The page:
Notice to marketing guys and trailer editors: if you cut together 50 or 60 snips from a film and shoot them out machine-gun style, like 90% of the trailers do these days, you can make a film seem interesting or sexy or whatever. Except this trick has used so often it’s not interesting any more. To me, rapid-fire machine-gun cuts in trailers are a coded message that says, “Watch out, this film may have something to hide.”
There are sad films and depressing films. Sad movies make you hurt in a good way…a basically gloomy feeling that nonetheless doesn’t feel oppressive, and comes with an emotional anchor that puts you in touch with some aspect of your past. Depressing movies make you feel like you don’t want to feel anything. They make you irritated, skittish, cynical. In short, the final act of Million Dollar Baby isn’t depressing but sad. Unless, of course, you’re one of those who doesn’t distinguish between the two.
Everyone’s telling me that Meet the Fockers (Universal, 12.22) is funny, agreeable, harmless, etc. (I missed the all-media screening and my Universal p.r. pals had no other options.) But now Dustin Hoffman’s “thing” quote is boomerang-ing back in the from of these two remarks by the L.A. Weekly‘s David Chute: (1) Fockers, he says, is “a big-budget Dharma & Greg episode with toilet jokes,” and (2) “the desperation is occasionally leavened by the charms of the star cast: Robert De Niro, for example, does incredulous disgust better than anyone on Earth, and entire sequences here are choreographed to inspire his slow burn. In the next installment he should play a movie critic.”
It’s time to weed out the weaker sisters among the Best Actress candidates, and they are…sorry to say this and I mean no offense…Vera Drake‘s Imelda Staunton and Being Julia‘s Annette Bening. Staunton gives a two-note performance in that Mike Leigh film — loving, easygoing Vera before she gets busted, and freaked-out, zombie-like Vera after the bust. Not good enough! Bening is pretty good as the grande dame of the 1938 British stage…okay, very good, but the film is undeniably weak, and Bening is resultantly fading and that’s a fact. The topliners are three: Million Dollar Baby‘s Hilary Swank, Eternal Sunshine of the Spotless Mind‘s Kate Winslet, and Maria Full of Grace‘s Catalina Sandino Moreno. And totally forget Kill Bill‘s Uma Thurman….get outta here!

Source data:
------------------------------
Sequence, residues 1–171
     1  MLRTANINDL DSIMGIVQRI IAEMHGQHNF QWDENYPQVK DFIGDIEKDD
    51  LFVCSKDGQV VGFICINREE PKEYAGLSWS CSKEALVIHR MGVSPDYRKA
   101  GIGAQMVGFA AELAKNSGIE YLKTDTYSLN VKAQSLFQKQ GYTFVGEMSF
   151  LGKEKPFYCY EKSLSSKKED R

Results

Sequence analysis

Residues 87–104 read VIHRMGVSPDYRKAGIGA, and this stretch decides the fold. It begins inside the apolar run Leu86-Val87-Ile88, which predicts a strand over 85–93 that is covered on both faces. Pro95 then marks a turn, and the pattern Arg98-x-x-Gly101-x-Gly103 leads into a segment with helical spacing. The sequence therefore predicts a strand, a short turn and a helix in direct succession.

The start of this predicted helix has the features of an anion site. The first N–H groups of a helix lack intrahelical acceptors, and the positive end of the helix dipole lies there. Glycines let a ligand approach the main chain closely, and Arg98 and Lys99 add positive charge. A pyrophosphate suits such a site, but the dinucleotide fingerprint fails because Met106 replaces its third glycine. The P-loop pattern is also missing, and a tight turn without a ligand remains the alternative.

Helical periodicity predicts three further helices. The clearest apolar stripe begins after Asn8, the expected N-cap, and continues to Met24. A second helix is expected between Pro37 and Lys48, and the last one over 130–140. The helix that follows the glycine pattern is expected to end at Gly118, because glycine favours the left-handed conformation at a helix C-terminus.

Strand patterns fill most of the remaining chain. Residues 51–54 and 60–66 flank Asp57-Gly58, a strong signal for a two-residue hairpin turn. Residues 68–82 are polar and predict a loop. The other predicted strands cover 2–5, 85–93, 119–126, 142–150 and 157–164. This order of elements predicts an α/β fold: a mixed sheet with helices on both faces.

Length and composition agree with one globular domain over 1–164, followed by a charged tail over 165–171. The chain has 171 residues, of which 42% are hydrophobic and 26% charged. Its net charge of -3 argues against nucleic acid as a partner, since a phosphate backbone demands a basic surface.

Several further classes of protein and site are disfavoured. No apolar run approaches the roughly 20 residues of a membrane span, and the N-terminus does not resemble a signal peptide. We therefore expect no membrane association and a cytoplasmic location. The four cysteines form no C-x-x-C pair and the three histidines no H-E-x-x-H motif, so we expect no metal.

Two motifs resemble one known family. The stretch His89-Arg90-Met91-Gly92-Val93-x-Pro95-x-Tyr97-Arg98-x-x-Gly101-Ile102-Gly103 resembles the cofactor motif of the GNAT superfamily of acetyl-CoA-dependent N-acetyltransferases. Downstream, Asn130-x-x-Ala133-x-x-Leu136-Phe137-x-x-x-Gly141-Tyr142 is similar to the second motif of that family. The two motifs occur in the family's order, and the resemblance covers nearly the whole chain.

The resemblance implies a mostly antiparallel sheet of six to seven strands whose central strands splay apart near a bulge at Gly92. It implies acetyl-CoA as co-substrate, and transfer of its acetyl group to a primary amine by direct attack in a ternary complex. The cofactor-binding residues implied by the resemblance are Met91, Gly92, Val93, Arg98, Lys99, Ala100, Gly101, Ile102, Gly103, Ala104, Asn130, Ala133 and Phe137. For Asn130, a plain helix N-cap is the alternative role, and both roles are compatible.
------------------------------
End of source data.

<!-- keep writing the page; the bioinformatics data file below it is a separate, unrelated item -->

The “remains to be seen” New York Times gremlin has struck again, this time in Charles McGrath’s story about boxing movies and applied — oddly, curiously — to Million Dollar Baby , which makes people weep and seems like a sure-fire hit. “Boxing still looms largest as a subject for literary types and for filmmakers paying homage to the past,” McGrath comments. “Like Raging Bull, Million Dollar Baby may turn out to be an elegy for a kind of movie they almost don’t make anymore,” adding in another portion of the article that “how this will play with audiences, as opposed to the critics, remains to be seen.” What?
I seem to only write about things I’m seriously excited or angry about in the WIRED space. Well, here’s an exception! It’s Saturday morning and the holiday shutdown is taking effect as we speak. Time to roll out those evergreen stories and maybe start choosing my picks for Oscar Balloon ’05.
Nutters vs. Nutters
Two days ago I ran a 2004 sum-up piece about the year’s best and worst, but I may have spoken too soon. That same day a completely riveting documentary arrived in the mail from Telluride Film Festival director Tom Luddy, who told me the next day that it might be “the most important film of 2004.” And he may be right. At least in a political vein.
It’s called The Power of Nightmares. It’s written and produced by the BBC-funded documentarian Adam Curtis, who also made the brilliant four-hour doc The Century of the Self. I raved about this knockout film a year and a half ago after seeing it at the `03 San Francisco Film Festival, and now here we go again. Curtis has a sharp mind and a fresh way of seeing things, and is putting a lot more on the table than just flashy provocation.
This new three-hour doc weaves together all sorts of disparate historical strands to relate two fascinating spiritual and political case histories, that of the American neo-conservatives and the Islamic fundamentalists. The payoff is an explanation of why they’re fighting each other now with such ferocity (beyond the obvious provocation of 9/11), and why the end of their respective holy war, waged for their own separate but like-minded motives, is nowhere in sight.